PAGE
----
Rumors from internet mentioned that the upgrade PS4 (many refers to PS4.5 or PS4K) is codenamed NEO. Unlike PS3 which the changes between generation was only focusing on power consumption optimization due to moving to smaller transistor, PS4 NEO will feature an upgraded. hardware specs as well.
The new PS4 NEO will feature a faster Jaguar CPU core. PS4 features 8 AMD Jaguar CPU Cores clocked at 1.6GHz. PS4 NEO is rumored to feature a similar 8 Jaguar Cores but clocked 500MHz higher at 2.1 GHz. The GPU seems to be most dramatic changes. The older PS4 features an 18 Compute Unit of first generation AMD GCN GPU cores with total Stream Processors of 1152. The clock speed is 800 MHz and the compute performance is rated at 1.84 TFLOPS. However, PS4 NEO is rumored to feature a 36 Compute Unit GPU. That might ended up with 2304 Stream Processors. That is the same amount the rumored specs of AMD Polaris GPU that will be coming on June 2016. If my guess were correct, PS4 NEO will feature a Polaris GPU which will be much more powerful than first generation GCN, probably. Since the compute performance of Hawaii GPU on Radeon R9 290X is rated as 5.6 TFLOPS, Polaris will have to surpass that if AMD did not want to disappoint their customers. So, PS4 NEO might ended up 3 to 4 times more powerful than the original PS4. That is if Sony really use custom Polaris GPU for PS4 NEO. But this is just my guess based on the rumors. The memory bandwidth is also faster at 218 GB/s compared to 176 GB/s of the original PS4. The extra bandwidth will be useful for faster GPU.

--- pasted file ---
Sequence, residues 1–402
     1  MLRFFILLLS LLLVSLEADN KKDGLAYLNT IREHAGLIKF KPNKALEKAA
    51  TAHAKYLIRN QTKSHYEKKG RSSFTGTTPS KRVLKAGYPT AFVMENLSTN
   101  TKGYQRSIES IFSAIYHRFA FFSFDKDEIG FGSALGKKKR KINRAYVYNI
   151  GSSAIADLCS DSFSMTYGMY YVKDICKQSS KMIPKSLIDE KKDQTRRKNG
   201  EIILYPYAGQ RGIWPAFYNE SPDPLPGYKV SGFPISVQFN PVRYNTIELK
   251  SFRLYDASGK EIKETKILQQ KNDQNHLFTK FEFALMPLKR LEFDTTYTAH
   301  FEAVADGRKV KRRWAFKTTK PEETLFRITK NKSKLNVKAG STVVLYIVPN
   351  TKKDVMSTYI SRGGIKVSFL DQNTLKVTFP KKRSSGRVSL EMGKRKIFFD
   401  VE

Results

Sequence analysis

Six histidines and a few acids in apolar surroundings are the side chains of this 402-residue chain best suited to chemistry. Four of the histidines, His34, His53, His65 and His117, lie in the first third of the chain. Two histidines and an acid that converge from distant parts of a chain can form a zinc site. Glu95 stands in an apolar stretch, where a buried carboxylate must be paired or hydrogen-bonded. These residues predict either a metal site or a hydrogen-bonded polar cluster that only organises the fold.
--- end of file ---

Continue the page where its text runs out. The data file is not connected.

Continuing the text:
While this might sound like a great news for you, this actually isn’t and I’ll tell you why. The difference between hardware will force game developers to develop 2 versions of the game. Perhaps similar to making a same game for PS3 and PS4 but less complex. But the damn thing is, developers will need to optimize the game for 2 different hardwares. That means extra time and extra resources will be needed by game developers, increasing the production cost and slowing down the time needed for developers to create a game. Things are worse for developer like Ubisoft who tend to release a buggy game first and decided to patch a fix later, if they weren’t so lazy.